Belfast Telegraph

Leo Varadkar set to be next Taoiseach after winning Fine Gael leadership battle

By Kevin Doyle and Catherine Devine

Leo Varadkar is the new leader of Fine Gael and on course to become the Republic of Ireland’s next Taoiseach.

The Social Protection Minister got the support of 51 TDs, senators and MEP to get over the line despite losing the popular vote.

Simon Coveney has won 65pc of the membership of the Fine Gael party in a major blow to Mr Varadkar.

Massive cheers greeted Mr Varadkar as he arrived at the count centre in the Mansion House shortly before the result was declared.

In total 10,842 of the party’s 21,000 member voted, with 7,051 siding with the Cork candidate. Some 3,772 voted for Mr Varadkar. There were 19 spoiled votes.

Mr Varadkar won the votes of 123 councillors, against 100 who went for Mr Coveney.

But it was his popularity among his Leinster House colleagues that ensured victory.

The vast majority of the parliamentary party, who make up 65pc of the electorate, have publicly supported Mr Varadkar since the early days of the campaign.

Mr Varadkar will automatically take over from Enda Kenny but must wait until Tuesday, June 13 before being elected Taoiseach.

Fine Gael TDs, senators and MEPs gathered in Leinster House early this morning to cast their final votes in the leadership contest.

The former Minister for Social Protection was the front runner from the start of the election campaign with a number of high profile TDs quick to back him.

The 38-year-old will be the youngest ever Taoiseach and the fourth openly-gay world leader after Belgium, Iceland and Luxemburg.

Mr Varadkar has never been shy about his ambitions.

As a precocious seven-year-old he declared his lofty intention to be Minister for Health one day.

That achievement came when he was just 35 and with his progression through the cabinet ranks he steadily began to cement himself as the clear favourite to succeed Enda Kenny as leader of Fine Gael and as next Taoiseach.

Mr Varadkar is Ireland's first openly gay cabinet minister and the son of an immigrant doctor from India.

Some in his inner circle suggest he has been working on his challenge for the last six years, methodically building relations with parliamentary colleagues while relentlessly maintaining his career trajectory.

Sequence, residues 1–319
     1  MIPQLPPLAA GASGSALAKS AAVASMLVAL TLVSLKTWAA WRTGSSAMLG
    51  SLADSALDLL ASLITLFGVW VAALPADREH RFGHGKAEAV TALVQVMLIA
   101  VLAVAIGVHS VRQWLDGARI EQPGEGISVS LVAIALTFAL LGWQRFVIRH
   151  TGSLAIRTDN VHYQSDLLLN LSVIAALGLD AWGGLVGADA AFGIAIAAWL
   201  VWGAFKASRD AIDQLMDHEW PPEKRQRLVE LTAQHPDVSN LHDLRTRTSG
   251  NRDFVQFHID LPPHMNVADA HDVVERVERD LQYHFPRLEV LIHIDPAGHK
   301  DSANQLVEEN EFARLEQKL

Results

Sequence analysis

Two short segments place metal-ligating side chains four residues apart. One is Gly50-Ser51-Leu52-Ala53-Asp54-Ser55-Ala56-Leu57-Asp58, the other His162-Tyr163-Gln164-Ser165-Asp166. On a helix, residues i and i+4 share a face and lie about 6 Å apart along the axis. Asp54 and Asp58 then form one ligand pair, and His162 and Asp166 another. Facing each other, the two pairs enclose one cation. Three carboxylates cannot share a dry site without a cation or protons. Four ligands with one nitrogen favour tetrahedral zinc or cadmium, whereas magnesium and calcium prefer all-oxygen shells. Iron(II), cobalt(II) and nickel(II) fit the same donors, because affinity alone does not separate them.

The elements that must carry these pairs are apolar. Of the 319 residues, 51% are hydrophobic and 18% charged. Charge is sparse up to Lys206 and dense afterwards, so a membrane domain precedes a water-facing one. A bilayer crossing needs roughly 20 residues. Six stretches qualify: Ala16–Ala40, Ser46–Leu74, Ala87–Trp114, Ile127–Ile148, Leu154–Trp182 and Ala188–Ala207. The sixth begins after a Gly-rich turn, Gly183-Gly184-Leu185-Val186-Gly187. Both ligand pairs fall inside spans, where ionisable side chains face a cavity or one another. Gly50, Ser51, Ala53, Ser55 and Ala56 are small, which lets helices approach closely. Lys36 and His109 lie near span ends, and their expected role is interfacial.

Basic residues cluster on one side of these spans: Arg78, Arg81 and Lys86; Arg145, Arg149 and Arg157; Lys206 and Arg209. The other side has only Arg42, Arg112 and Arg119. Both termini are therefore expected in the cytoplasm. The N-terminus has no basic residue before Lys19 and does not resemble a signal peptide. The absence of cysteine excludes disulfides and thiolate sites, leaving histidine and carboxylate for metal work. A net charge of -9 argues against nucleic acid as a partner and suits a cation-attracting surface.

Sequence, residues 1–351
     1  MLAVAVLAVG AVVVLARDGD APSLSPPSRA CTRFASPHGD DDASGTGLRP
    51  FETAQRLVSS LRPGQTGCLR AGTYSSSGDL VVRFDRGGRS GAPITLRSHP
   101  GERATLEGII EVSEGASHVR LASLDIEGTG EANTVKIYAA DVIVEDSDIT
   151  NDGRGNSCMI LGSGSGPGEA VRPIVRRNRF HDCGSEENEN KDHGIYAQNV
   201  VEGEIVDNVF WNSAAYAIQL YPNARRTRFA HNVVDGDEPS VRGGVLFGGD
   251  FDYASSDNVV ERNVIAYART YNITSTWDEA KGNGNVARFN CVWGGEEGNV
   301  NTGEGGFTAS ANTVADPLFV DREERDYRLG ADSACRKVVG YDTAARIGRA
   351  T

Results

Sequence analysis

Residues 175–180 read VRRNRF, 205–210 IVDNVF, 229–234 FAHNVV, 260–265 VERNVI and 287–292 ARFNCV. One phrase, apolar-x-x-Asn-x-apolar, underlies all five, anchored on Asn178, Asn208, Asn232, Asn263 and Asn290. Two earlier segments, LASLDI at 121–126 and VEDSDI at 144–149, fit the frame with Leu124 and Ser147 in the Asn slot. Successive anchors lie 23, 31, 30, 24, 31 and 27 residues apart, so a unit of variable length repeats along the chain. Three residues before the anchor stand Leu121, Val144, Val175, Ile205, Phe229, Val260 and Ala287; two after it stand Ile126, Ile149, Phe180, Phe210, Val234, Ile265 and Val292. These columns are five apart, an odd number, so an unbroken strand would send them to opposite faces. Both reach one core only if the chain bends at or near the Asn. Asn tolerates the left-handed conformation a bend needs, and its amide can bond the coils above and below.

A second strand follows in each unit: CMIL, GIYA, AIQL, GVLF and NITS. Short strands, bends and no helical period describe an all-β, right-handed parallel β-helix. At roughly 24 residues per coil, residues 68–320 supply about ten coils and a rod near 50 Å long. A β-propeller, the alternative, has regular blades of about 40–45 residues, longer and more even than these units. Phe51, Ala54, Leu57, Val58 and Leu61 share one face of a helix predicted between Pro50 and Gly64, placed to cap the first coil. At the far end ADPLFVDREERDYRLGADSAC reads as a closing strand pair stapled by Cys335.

And it is a combination of his youth, background and straight-talking that the party faithful think will be a major selling point in elections if his face is emblazoned on posters up and down the country.

Mr Varadkar is a Trinity College qualified doctor and he has been in a relationship with another medic for about two years.

While his centre-right politics are clearly conservative, he portrays the image of a new, progressive Ireland, symbolised best in May 2015 when the Republic voted overwhelmingly in favour of gay marriage.

It came just a few months after Mr Varadkar himself revealed in a radio interview that he was gay.

When the result of the referendum was known, the then health minister declared: "To me this had the feeling of a social movement or a social revolution."

In his relatively short time in the upper echelons of Irish politics Mr Varadkar has set himself apart with a straight-talking attitude.

As transport minister he broke ranks to praise two garda whistle-blowers as distinguished - a remark in stark contrast to former Garda commissioner Martin Callinan's description of their actions as "disgusting".

But it is this same shoot from the hip attitude that creates enemies and something that could cost him.

In 2007, not long after he won a seat in national politics for the first time, he lashed out at Bertie Ahern while he was mired in controversy over his financial affairs.

Mr Varadkar took a swipe at the beleaguered Taoiseach of the day claiming the gutter was his "natural habitat".

In the contest for the Fine Gael leadership Mr Varadkar declared himself as the candidate for "people who get up early in the morning".

And while his public remarks are said to be drilled and scripted to the last iota, that is the kind of statement that could dramatically backfire in a general election.

One of his drawbacks is that he is seen as being to much of a Dublin man.

Joe McHugh, a ministerial colleague who has been firmly in the Varadkar camp, brought him to the heart of his Donegal constituency in the days before the campaign proper began and spoke in glowing terms about his intellect, communication skills and willingness to learn.

"He has a craving to try and understand things," he said.

"No-one is going to know everything. And there is a humility there. He will accept that if he's successful.

"He will have that awareness, that emotional intelligence as some people call it, to know that he still has a lot to learn."

Irish Independent


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